Thursday, October 28, 2021

A new diet!


A wire diet, specifically.

The wiring harness just for the top of the engine is insane. I think it weighs about five pounds. And there's some stuff on it I am just not going to use anymore. Certainly the plugs related to the TGV (tumble generator valve) actuators and angle sensors, and possibly other things as well.

But to know what to take off and what to keep, I have to know what everything is, so I spent some quality time on it on the workbench.

First, I just unplugged everything I could, adding labels as I went. Ignition coils, fuel injectors, crank and cam position sensors, etc., etc.

But there were three plugs that had gotten unplugged earlier and not labeled. And with the engine accessories not installed at present, it's pretty hard to figure out what plug goes to what device.

The only way I know of to figure all this out is to go to the wiring diagrams, which is a nightmare in itself. 

I started by pulling back the loom around the wiring a little bit and looking at the colors of the insulation.

Here's an example. Now, these wires have been in a hot, dirty, oily engine bay for fifteen years, so they are not in the best of condition, but one of the wires is pretty clearly red, and the other is green with a stripe. At first, I thought this was a dirty green/white wire (GW in wiring diagram parlance), so I scoured the wiring diagram for any connector with two conductors, R and GW. No luck.

So I looked again and decided maybe it was a yellow stripe - GY. But I still could not find the right connector on the diagram. I then remembered that there's another color - light green, or Lg. So, a third pass, looking for Lg and R.

And this time I found it! It connects to the purge control solenoid. Now I can research that solenoid and figure out if I need to keep that, or if I can take those wires out.

Fortunately, the other two unidentified connectors were slightly easier (knock sensor and PCV diagnostic, respectively), but just searching those three out took a few hours, and completing the labeling took all day.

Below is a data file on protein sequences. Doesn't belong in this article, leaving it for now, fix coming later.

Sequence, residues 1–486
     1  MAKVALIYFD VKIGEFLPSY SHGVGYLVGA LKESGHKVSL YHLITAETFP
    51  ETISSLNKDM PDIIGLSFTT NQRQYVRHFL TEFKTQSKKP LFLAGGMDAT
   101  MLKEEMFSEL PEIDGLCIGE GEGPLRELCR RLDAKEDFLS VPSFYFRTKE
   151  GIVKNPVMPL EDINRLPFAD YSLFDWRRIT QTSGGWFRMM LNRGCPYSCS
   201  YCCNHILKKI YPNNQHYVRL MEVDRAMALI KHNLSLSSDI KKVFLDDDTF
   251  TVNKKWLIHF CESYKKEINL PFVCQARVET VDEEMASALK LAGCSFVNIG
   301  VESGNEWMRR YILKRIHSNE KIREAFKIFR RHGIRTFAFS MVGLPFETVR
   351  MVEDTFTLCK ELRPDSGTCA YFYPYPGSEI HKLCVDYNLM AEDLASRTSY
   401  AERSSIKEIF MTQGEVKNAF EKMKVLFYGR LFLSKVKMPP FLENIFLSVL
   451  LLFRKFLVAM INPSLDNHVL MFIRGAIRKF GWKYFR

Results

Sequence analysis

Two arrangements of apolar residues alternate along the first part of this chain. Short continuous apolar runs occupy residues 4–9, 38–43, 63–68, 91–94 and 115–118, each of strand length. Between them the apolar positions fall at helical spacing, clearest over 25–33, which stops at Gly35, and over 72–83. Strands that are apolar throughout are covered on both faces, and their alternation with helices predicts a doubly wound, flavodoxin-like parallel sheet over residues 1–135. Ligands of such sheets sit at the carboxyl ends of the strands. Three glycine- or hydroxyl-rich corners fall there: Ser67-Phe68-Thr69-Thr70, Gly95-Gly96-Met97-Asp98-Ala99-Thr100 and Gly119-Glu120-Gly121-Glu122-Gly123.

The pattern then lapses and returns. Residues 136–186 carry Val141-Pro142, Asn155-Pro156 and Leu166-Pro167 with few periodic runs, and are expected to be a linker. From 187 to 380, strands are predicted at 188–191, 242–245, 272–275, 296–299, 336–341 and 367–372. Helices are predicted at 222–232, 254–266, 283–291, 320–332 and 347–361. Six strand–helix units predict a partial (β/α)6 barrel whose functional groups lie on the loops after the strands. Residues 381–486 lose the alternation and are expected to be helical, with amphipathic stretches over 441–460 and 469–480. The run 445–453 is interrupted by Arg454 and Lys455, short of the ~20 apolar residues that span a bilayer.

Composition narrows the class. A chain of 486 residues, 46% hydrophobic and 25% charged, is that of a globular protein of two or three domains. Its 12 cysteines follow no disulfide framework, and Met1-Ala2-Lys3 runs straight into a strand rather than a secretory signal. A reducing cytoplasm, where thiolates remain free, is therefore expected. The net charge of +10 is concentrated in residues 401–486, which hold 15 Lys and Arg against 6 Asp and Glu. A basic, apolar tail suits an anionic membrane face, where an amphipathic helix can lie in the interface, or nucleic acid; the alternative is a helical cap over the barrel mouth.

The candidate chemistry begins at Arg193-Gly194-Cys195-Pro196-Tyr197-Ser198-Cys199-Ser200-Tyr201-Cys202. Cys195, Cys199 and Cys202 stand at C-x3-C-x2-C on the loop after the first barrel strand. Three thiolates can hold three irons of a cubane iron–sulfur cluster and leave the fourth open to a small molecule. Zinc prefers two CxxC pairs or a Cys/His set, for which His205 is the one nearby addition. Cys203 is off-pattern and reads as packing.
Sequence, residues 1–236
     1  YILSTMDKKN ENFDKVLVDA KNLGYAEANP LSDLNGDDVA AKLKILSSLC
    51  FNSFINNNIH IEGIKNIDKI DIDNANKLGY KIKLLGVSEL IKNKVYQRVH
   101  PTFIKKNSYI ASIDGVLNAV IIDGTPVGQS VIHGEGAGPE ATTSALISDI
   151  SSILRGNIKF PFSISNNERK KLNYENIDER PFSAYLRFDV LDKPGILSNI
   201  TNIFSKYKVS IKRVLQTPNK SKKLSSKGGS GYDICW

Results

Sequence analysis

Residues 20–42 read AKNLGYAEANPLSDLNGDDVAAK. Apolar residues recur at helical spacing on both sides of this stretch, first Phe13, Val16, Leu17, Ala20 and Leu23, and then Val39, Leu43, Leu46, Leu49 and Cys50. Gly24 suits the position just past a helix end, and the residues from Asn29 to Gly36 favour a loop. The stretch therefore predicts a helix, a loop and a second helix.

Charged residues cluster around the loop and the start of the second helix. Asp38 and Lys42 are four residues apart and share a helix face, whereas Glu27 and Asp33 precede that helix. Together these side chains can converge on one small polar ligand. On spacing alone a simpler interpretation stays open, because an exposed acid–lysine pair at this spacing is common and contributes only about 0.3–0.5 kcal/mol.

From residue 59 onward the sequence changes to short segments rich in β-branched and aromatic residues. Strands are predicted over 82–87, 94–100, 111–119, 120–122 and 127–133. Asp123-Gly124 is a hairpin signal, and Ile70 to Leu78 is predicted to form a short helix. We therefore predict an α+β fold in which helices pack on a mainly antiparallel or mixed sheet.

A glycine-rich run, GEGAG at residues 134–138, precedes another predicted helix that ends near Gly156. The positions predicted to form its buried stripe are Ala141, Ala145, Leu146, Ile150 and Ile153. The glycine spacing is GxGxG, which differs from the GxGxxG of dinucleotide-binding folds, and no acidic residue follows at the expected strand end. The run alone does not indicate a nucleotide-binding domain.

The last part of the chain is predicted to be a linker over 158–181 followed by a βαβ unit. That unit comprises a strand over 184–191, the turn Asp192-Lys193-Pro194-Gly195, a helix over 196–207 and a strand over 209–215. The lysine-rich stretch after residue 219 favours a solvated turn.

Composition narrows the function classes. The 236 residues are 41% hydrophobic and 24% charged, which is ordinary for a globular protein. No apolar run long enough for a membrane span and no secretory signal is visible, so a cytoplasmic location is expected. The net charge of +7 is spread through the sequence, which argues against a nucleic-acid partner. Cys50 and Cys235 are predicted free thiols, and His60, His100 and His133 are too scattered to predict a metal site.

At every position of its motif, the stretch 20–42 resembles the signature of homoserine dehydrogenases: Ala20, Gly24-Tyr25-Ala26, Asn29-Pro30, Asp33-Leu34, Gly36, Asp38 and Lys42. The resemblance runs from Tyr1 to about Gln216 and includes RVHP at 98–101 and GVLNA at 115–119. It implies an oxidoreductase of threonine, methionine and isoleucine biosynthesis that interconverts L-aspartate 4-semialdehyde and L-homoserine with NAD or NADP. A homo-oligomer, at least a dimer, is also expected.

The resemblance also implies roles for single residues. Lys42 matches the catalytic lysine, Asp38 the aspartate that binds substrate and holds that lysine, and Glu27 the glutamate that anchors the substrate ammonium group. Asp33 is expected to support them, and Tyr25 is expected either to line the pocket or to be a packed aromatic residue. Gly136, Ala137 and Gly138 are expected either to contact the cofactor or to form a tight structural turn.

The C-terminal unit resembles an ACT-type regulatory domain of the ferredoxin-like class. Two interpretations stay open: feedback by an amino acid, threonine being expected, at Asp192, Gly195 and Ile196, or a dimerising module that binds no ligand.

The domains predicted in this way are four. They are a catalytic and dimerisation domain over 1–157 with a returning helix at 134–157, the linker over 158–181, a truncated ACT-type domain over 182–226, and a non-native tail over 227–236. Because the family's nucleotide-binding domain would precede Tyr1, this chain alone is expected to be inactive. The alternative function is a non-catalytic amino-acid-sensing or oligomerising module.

Wednesday, October 20, 2021

Harness! Engine! Shift linkage!

Got some good stuff done this past weekend. First of all, I spent some quality time with an angle grinder and a drill, making this bracket. It bolts to the frame of the car on the floor, under the seat, to act as a mounting point for the anti-submarine belt.
So what is an anti-submarine belt? It's the fifth belt in this harness - there ae two shoulder belts, two hip belts, and the anti-submarine belt. They all connect to the latch in the middle to secure the driver pretty securely to the seat and to the car. The anti-submarine belt in particular prevents "submarining" in event of a frontal collision - the driver can't slide out under the hip belts, feet first.
On to the engine! 

I picked this off its temporary resting place (a folding table) with the engine crane and dropped it into the engine bay again. It looks pretty good in there. It's not bolted down, just resting in place, but it feels good to have it in its home.

I wanted the engine in its bay so that I could start installing this slick bellcrank assembly to the back of the transmission. The two cables in black jackets at left will go to the shift lever (well, not those ones specifically - they are just placeholders for the shorter ones I will actually use), and this linkage translated the left/right and fore/aft movements of the shifter into actual gear changes.

But to get those cables routed so I can measure them for ordering the ones I really need, I have to route them up and over the engine and through the firewall, into the tunnel between the seats. And in order to get a good routing that clears everything else on the tunnel, I have to start dressing the engine.

There's a lot of stuff that goes on top to route around. Here, I have the starter and the clutch slave cylinder bolted up. After I took this pic, I also got the alternator about half faked up into place, but not quite done yet. I have some pieces on order to make that come together.

Then it's induction, I think. Oh, and a water pipe that connects the two halves of the block. And probably a bunch of other stuff, too.

Feels like good progress. Plenty more good stuff to come.